Adobe today released the iPad version of their flagship image editing application, Photoshop. Available only for the iPad, Adobe Photoshop Touch brings the most commonly used features from the desktop version of Photoshop to the iPad, with an interesting new interface.
After playing with it for a few hours, I’ve got to say this is the best image editing app on the iPad today. And knowing Adobe, it will stay that way for a long time to come. Here are a few things that make it great.
Photoshop Touch brings key concepts from the desktop version, including masking, and layers.
Masks let you specify the part of an image you want to work on. When you want to cut something out of a picture to use somewhere else, the process of doing so involves creating a mask, and then copying the image through the mask, so good masking tools are essential. Photoshop Touch uses a scribble technique where you drag your finger around “inside” the area you want to select, then drag your finger around “outside”, and the app uses those two pieces of input to create the mask.
In this example I’ve quickly created a mask of the baby using this tool. This rough version of the mask isn’t perfect, as you can see the top right corner of the head is not included in the mask, and some of the shirt around the elbow is included. But you can iteratively refine the mask by scribbling more inside and outside areas, and then use Refine Mask to perfect it. This combines the powerful algorithms that Photoshop uses with a tablet oriented user interface.
It’s a little hard to tell what’s going on in this screenshot, but Photoshop Touch lets you visualize your layers using a pseudo-3D view that you rotate by rotating the iPad itself. I implemented a feature similar to this in a prototype version of Corel Photo-PAINT on some high-end SGI hardware way back when I worked at Corel, and always thought it would be a powerful way to visualize your layer structure – and here it is on the tablet.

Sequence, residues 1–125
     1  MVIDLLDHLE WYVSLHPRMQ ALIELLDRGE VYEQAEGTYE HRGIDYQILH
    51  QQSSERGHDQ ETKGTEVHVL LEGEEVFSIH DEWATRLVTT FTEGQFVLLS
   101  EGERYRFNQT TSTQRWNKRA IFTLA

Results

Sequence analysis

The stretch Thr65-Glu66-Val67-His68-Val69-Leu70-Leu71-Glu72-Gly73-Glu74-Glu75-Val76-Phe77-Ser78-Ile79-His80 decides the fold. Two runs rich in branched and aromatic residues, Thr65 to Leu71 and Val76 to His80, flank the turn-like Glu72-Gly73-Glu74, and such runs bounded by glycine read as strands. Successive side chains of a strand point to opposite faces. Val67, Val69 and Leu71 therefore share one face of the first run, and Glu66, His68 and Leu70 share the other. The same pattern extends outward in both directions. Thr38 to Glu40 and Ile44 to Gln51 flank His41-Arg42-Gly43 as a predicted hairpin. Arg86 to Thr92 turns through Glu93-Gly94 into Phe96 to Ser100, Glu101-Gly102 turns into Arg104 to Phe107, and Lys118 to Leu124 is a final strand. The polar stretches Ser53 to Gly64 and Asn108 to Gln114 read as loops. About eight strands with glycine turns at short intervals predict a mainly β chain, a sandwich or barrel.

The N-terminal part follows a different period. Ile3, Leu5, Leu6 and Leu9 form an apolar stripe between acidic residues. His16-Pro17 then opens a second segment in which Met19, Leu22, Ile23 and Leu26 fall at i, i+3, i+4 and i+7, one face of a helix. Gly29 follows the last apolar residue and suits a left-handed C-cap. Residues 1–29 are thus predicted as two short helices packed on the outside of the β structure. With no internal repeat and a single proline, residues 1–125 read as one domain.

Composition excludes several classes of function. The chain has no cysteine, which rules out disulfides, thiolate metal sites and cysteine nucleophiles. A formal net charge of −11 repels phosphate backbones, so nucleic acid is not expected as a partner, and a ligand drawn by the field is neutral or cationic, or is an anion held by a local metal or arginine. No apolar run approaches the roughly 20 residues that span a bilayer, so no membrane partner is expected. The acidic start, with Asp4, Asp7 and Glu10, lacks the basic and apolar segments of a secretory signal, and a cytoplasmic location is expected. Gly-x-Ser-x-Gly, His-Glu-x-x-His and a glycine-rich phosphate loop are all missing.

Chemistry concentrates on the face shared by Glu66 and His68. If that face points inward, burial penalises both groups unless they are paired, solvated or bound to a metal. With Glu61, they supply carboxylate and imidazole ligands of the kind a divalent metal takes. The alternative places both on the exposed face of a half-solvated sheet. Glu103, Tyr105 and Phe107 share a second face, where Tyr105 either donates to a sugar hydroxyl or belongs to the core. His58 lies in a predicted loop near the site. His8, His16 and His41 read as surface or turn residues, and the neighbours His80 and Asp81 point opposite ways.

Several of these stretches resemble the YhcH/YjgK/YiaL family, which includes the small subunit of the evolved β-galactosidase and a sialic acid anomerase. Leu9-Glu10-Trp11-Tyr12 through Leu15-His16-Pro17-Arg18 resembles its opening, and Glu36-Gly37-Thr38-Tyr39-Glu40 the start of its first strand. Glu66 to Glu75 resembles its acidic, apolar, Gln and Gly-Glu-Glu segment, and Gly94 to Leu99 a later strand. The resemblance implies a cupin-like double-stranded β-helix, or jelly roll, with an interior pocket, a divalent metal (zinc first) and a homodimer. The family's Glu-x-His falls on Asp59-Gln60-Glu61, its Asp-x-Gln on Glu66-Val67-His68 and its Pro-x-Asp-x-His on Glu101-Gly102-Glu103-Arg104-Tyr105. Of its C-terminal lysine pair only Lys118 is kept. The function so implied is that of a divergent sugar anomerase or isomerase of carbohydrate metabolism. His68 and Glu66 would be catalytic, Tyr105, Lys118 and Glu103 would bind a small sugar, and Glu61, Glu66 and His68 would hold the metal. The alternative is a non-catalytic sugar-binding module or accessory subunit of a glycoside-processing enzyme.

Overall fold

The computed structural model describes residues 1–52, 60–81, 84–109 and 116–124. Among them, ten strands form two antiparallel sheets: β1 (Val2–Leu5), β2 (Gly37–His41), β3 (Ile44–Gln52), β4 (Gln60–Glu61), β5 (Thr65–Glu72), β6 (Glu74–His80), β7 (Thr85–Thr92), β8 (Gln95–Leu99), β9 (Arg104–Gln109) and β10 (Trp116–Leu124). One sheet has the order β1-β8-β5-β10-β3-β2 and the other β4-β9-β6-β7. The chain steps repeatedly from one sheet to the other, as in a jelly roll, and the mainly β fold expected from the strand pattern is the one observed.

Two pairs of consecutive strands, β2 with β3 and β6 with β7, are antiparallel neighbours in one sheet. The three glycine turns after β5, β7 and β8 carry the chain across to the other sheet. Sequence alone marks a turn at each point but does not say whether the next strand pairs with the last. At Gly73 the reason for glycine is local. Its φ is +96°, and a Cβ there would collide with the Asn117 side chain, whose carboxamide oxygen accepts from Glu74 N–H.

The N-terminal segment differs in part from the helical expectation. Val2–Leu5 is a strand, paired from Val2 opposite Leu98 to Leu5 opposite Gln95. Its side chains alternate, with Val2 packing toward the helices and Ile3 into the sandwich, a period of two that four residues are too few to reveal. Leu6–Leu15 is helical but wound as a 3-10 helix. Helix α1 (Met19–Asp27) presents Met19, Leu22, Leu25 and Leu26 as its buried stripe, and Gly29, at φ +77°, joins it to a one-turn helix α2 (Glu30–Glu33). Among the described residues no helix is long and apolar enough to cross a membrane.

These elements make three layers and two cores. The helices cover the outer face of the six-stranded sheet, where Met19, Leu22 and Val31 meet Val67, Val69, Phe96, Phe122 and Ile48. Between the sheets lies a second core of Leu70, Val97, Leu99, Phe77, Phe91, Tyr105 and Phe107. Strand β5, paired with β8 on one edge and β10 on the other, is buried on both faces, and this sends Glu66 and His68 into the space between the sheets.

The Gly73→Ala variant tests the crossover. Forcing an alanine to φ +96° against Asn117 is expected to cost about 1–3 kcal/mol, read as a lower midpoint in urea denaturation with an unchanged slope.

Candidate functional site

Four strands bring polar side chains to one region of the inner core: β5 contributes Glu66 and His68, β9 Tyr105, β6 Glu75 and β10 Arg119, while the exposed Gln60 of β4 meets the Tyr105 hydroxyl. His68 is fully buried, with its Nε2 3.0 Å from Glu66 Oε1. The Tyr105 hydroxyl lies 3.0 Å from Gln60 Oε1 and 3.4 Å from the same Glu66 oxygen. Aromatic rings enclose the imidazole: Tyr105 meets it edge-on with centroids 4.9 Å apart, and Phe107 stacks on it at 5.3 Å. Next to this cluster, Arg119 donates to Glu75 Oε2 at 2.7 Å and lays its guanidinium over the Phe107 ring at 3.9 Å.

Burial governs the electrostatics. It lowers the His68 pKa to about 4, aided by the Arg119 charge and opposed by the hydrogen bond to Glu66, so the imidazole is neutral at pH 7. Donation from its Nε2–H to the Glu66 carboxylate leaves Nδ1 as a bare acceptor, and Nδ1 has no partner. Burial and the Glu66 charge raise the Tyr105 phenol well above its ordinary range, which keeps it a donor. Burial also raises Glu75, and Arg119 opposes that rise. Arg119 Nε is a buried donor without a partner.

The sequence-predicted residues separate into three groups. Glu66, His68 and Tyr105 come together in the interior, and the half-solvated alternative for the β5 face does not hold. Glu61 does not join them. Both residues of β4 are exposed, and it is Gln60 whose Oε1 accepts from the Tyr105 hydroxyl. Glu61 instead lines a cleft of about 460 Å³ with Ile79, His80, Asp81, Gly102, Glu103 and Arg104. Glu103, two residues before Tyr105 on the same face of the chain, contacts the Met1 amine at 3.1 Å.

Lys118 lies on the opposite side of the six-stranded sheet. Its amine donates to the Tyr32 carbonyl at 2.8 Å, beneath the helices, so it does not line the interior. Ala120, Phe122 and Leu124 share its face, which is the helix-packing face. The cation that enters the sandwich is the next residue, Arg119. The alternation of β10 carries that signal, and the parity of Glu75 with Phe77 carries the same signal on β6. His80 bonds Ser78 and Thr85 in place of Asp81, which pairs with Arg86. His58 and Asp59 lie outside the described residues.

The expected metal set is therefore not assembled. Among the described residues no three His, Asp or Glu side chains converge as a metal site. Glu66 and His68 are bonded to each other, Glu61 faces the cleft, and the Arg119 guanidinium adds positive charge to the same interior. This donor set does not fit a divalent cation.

The distort / warp UI also got a great tablet revamp. This is a basic mesh warp, but with additional control points that let you do a radial warp (the circular arrow point in the bottom right quadrant), the crosshairs icon lets you do pinch / punch effects, and so on. This is a much simpler UI than you see in the desktop version (and maybe some of these changes will make their way back to the desktop).
A series of interactive tutorials can walk you through some common imaging operations, and the tutorials have you driving the main app UI as you’re going through them, so they’re pretty effective at helping you find your way around.
At $9.99 Photoshop Touch is less than I expected it to be, and this will put some pressure on some of the other “high end” applications like the Omni Group’s Omnigraffle, which sells for $49.99. Remember that Photoshop on the desktop costs many hundreds of dollars.
There are some drawbacks to the application.
One is that it will only operate on images up to 1600 pixels. You won’t be doing print work with Photoshop Touch, at least not today – tablet hardware will scale up over time and this limitation, which is surely caused by the limited RAM available in an iPad, will increase. But don’t expect to take images right off your camera and into Photoshop Touch to fix them up without compromising on the resolution.
The other limitation, and this one irks me more, is the limited options for getting images into and out of the application. You can import images from the Camera Roll, Facebook, Google (image search results), or from Adobe’s Creative Cloud, but none of those really work for me. Adobe is trying to promote Creative Cloud as a sort of DropBox for creative professionals, but creative professionals today are using DropBox. The lack of support for DropBox seems intentional, but hopefully this will be added.
In case you didn’t pick it up from the tone of the rest of the review, I’m impressed with Photoshop Touch, and think it’s easily worth the ten bucks. Give it a shot.
App Store link: Adobe Photoshop Touch